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No rights for Rohingya
This sounds weird but is a reality for Rohingyas. The Myanmar government in May 2013 ordered Rohingyas not to have more than two children to escape from Buddhist attacks on them. 
The measure has been enacted in Rakhine state following a proposal by a government appointed commission investigating deadly clashes in 2012 between Buddhists monks and Rohingya Muslims. 
Mobs of Buddhists armed with machetes razed thousands of Rohingya homes, leaving more than one hundred of people dead and forcing 125,000 to flee, mostly Rohingyas from violence.
"State officials said the two-child limit in the state of Rakhine would ease tensions between Buddhists and their Muslim Rohingya neighbors," said a report in The Guardian on May 25, 2013. 
Rakhine state spokesman Win Myaing, according to the Guardian report, said: "The population growth of Rohingya Muslims is 10 times higher than that of the Rakhine (Buddhists). Overpopulation is one of the causes of tension."
The commission in its report submitted to the government in April 2013 recommended for controlling the growth of Rohingya population. 
To enforce the two-child limit, the Myanmar government issued an appalling order allowing security forces to take abusive measure. 
A human rights organization, Fortify Rights in its report in 2014 disclosed a document which said officials should force a woman to breastfeed her child if there were doubts over whether she was the genuine mother of the child.  
This measure sparked huge criticism. Different international rights bodies demanded to scrape the order terming it discriminatory. 
In May 2013, Aung San Suu Kyi herself, the chief of current ruling party in Myanmar, voiced opposition to the two-child limit, saying the discriminatory regulation was “against human rights.” 
The then Myanmar government did not bother criticism as such discriminatory action against Rohingya was nothing new. 
Analysing some leaked documents of Myanmar government, Fortify Rights, a Bangkok based human rights organization, in 2014 said the government's orders amounted to "state policies of persecution" in Rakhine state. 
In its 2014 report, the right body said it analyzed a dozen of government documents from 1993 to 2013 and found that government policies imposed extensive restrictions on the basic freedoms of Rohingya. 
Orders imposed restrictions on freedom of movement, marriage, child birth, access to basic services and livelihood opportunities for Rohingya, said the report. 
End of the rule of the military junta in 2015 did not bring any good news for Rohingya.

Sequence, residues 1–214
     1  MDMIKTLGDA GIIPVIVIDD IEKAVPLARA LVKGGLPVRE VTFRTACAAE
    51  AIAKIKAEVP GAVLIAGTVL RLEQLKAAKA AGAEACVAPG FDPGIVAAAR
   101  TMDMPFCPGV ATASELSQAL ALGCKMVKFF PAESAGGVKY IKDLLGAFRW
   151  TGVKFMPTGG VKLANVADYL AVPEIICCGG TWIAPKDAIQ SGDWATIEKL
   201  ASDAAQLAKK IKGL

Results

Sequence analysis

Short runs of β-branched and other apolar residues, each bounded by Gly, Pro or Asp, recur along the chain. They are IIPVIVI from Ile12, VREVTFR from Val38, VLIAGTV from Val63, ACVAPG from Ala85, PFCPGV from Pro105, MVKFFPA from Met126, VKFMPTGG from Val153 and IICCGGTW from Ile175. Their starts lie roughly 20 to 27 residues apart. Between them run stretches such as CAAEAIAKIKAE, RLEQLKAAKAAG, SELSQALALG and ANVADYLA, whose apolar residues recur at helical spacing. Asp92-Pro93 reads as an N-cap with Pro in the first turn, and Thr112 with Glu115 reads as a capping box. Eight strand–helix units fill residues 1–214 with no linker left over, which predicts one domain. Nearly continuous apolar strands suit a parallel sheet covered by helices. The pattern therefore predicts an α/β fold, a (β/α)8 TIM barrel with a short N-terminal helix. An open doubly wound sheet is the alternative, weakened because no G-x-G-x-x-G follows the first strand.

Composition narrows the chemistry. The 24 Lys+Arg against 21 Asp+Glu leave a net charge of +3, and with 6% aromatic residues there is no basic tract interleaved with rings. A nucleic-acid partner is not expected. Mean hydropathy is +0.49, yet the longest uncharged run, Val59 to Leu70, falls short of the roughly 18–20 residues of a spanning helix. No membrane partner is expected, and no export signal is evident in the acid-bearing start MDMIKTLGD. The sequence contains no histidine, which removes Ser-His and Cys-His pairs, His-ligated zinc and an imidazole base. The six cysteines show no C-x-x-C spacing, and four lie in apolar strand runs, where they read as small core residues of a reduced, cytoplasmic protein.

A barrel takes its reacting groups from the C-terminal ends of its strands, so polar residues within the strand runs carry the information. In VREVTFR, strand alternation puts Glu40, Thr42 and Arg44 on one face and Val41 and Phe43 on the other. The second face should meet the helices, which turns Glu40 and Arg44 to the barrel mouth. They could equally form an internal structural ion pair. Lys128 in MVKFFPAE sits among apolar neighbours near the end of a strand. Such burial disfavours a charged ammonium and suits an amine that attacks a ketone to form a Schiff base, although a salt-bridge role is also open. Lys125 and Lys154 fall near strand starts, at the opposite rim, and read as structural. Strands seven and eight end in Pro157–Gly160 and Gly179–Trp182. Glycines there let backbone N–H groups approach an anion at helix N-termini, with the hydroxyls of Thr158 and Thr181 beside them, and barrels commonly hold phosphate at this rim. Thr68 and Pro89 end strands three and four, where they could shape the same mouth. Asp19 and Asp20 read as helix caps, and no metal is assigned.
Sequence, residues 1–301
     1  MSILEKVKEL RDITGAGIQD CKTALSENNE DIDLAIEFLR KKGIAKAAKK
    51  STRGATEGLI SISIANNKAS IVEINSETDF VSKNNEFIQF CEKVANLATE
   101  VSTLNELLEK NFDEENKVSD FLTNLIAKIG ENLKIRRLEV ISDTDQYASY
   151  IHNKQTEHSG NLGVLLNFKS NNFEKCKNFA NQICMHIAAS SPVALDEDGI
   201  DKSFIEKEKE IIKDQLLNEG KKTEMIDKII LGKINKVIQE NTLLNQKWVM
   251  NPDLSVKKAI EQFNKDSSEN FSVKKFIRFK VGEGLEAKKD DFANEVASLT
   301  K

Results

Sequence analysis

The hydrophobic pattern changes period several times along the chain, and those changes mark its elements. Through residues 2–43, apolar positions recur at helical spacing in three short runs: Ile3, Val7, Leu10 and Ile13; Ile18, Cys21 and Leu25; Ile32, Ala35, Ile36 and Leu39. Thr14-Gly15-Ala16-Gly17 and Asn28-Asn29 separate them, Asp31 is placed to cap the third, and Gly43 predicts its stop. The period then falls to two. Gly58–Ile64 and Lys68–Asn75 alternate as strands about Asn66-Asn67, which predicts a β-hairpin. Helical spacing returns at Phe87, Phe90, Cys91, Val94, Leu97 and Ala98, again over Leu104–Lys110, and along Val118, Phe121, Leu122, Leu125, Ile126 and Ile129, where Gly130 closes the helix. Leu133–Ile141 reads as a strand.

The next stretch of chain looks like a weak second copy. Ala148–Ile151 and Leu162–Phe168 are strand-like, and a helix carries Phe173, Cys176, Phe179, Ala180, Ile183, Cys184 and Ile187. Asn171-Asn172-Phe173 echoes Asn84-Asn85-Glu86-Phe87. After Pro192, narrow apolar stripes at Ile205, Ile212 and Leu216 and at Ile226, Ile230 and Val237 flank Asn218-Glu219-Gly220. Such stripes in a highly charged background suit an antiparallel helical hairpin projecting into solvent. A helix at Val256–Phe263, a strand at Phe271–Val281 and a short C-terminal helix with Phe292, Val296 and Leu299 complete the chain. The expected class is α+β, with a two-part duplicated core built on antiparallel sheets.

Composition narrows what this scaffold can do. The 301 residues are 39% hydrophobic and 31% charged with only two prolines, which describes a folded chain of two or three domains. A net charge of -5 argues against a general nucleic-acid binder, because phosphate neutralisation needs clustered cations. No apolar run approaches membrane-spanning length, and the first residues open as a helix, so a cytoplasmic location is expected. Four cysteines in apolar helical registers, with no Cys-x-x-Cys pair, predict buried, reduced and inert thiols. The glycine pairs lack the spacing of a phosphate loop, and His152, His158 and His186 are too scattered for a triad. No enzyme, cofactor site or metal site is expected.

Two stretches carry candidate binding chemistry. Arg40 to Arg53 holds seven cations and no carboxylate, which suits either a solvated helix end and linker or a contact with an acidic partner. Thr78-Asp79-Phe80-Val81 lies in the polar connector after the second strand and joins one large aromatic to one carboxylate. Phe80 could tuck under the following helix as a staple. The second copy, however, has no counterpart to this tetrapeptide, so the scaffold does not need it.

In a report in October 2016, International Federation for Human Rights said the present government has regrettably decided to follow the previous administration’s official policy of avoiding the use of the term ‘Rohingya.’
On 16 June 2016, the Ministry of Information sent a letter to state-run news outlets ordering them to describe Rohingya as the ‘Muslim community in Rakhine State’ in their reports.
On June 20, 2016, Aung San Suu Kyi told UN Special Rapporteur on the situation of human rights in Myanmar Yanghee Lee that the government would avoid using the term ‘Rohingya.
The draconian 1982 citizenship law introduced by military junta denied Rohingya citizenship, forcing them to be stateless. They were registered as temporary residents with identification cards. The denial of citizenship and rights was dubbed by many as a design to drive the Rohingya out of Myanmar. 
The Suu Kyi's government pursued the previous military junta's imposition of restrictions on Rohingya’s religious freedom, said Paris-based International Federation for Human Rights, world oldest rights body.
On 18 September 2016, the Rakhine State government ordered the demolition of 12 mosques and 35 Arabic language teaching schools in Maungdaw and Buthidaung Townships, it said referring to the news report of Myanmar newspaper. 
The 2014 national census, which was first in 30 years, appeared as a fresh blow for Rohingyas.
Initially, they were permitted to self-identity as Rohingya. But Buddhist nationalists protested the government's decision and threatened to boycott the census. The government then decided that Rohingya could only be registered if they identified as Bengali. 
Rohingyas were also denied the voting right in recent elections. In 2015, the then Myanmar president ordered that Rohingya holding temporary identity cards could cast vote in a constitutional referendum. 
Again, Buddhists nationalists protested the order. Under pressure, the then president canceled the temporary identity cards in February 2015, revoking their newly gained right to vote. 
Temporary card holders had been allowed to vote in Myanmar’s 2008 constitutional referendum and 2010 general elections. 
In the 2015 elections, which were widely lauded as being free and fair by international monitors, no parliamentary candidate was of the Muslim faith. 
The leader of National League for Democracy (NLD), Aung San Suu Kyi, fought for decades for democracy and reform in Myanmar. But none of her party's 1,151 candidates standing in regional and national elections are Muslim. 
Akbar Ahmed, a former Pakistani high commissioner to the UK, in his article published on Aljazeera website on January 30, 2012, described the long saga of the plight of Rohingya narrating how "kings turned refugees".